contest_2011-09-20

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* E: [[http://uva.onlinejudge.org/index.php?option=com_onlinejudge&Itemid=8&category=34&page=show_problem&problem=990|Self-describing Sequence]] **(not open to Andrew, Derek, Hearson, or Yuedong)** | * E: [[http://uva.onlinejudge.org/index.php?option=com_onlinejudge&Itemid=8&category=34&page=show_problem&problem=990|Self-describing Sequence]] **(not open to Andrew, Derek, Hearson, or Yuedong)** | ||

* F: [[http://uva.onlinejudge.org/index.php?option=com_onlinejudge&Itemid=8&category=34&page=show_problem&problem=1195|The Priest Mathematician]] | * F: [[http://uva.onlinejudge.org/index.php?option=com_onlinejudge&Itemid=8&category=34&page=show_problem&problem=1195|The Priest Mathematician]] | ||

+ | * G: [[http://uva.onlinejudge.org/index.php?option=com_onlinejudge&Itemid=8&category=34&page=show_problem&problem=787|Steps]] | ||

//Remember:// If you've already solved one or more of these problems, try (1) solving again without referring to your old solution, and/or (2) using a different language (Java or C++). If you want to work on an additional problem from the book, let [[jtk@purdue.edu|me]] know. | //Remember:// If you've already solved one or more of these problems, try (1) solving again without referring to your old solution, and/or (2) using a different language (Java or C++). If you want to work on an additional problem from the book, let [[jtk@purdue.edu|me]] know. | ||

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* A: One solution is to create a mapping from mistyped characters to the corresponding correct character. | * A: One solution is to create a mapping from mistyped characters to the corresponding correct character. | ||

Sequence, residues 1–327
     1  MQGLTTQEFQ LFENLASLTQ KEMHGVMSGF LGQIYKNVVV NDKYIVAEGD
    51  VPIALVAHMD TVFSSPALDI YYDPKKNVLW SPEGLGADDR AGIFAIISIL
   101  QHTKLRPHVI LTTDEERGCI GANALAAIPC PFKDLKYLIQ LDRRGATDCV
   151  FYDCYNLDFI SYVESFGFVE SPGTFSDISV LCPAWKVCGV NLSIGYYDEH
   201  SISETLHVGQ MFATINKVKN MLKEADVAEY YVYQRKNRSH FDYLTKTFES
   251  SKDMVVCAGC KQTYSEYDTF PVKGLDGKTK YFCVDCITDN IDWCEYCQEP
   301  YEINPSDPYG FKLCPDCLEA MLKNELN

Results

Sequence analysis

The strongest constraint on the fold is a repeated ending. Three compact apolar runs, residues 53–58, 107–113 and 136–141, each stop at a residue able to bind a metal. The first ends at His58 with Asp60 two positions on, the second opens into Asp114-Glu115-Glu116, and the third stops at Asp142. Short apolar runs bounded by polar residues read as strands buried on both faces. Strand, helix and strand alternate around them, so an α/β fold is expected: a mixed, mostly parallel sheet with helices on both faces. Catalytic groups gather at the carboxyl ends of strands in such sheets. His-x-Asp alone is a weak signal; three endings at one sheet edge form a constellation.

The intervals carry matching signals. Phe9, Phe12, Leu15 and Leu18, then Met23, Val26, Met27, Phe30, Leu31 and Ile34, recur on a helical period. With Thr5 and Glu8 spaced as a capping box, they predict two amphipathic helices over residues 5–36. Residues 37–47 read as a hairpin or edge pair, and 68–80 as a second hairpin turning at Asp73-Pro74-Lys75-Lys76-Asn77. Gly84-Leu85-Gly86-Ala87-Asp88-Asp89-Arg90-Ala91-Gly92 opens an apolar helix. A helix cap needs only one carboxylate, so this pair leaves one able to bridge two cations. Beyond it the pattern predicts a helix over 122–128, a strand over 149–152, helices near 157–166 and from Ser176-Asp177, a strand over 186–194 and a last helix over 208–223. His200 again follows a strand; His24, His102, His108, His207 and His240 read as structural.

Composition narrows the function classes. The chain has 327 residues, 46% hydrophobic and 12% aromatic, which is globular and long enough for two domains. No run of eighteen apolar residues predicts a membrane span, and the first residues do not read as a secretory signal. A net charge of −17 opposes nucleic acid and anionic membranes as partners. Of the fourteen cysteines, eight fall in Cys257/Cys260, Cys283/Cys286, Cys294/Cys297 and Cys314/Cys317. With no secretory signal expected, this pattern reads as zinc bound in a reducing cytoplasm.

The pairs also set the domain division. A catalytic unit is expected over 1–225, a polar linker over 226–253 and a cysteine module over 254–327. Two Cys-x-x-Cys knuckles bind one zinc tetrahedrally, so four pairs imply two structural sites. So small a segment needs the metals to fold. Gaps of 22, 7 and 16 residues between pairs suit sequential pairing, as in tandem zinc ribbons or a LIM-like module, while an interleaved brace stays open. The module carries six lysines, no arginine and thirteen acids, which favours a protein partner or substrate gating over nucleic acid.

* B: Use a procedure, ''reverse(n)'', to reverse ''n'' according to the rules of the problem. A brute force test (up to 1000) is sufficient. | * B: Use a procedure, ''reverse(n)'', to reverse ''n'' according to the rules of the problem. A brute force test (up to 1000) is sufficient. | ||

- | * C: The trick... A line between two points creates one additional piece of land on its own. In addition, a line that crosses other lines creates one additional piece of land for each crossing. There is one initial piece. Thus, each pair of points adds one piece of land (n choose 2) and each set of four points adds a piece of land corresponding to the intersection (n choose 4). The number of pieces of land is 1 + C(n, 2) + C(n, 4). Use big integers and simplified combinatorial formulas. | + | * C: The trick... A line between two points creates one additional piece of land on its own. In addition, a line that crosses other lines creates one additional piece of land for each crossing. There is one initial piece. Thus, each pair of points adds one piece of land (n choose 2) and each set of four points adds a piece of land corresponding to the intersection (n choose 4). The number of pieces of land is, thus, 1 + C(n, 2) + C(n, 4). Use big integers and simplified combinatorial formulas. |

* D: The solution to this problem is almost the same as the main problem. | * D: The solution to this problem is almost the same as the main problem. | ||

* E: Pre-compute a run-length encoded array to represent f, then do a binary search to find f(n). | * E: Pre-compute a run-length encoded array to represent f, then do a binary search to find f(n). | ||

- | * F: A brute force solution (trying all values of k between 1 and n) works for the contest test data. You'll need a more efficient solution to get it past the UVA judge in three seconds. | + | * F: A brute force solution (trying all values of k between 1 and n) works for the contest test data. You'll need a more efficient solution to get it past the UVA judge in ten seconds. |

contest_2011-09-20.1316539301.txt.gz ยท Last modified: 2011/09/20 10:21 by jtkorb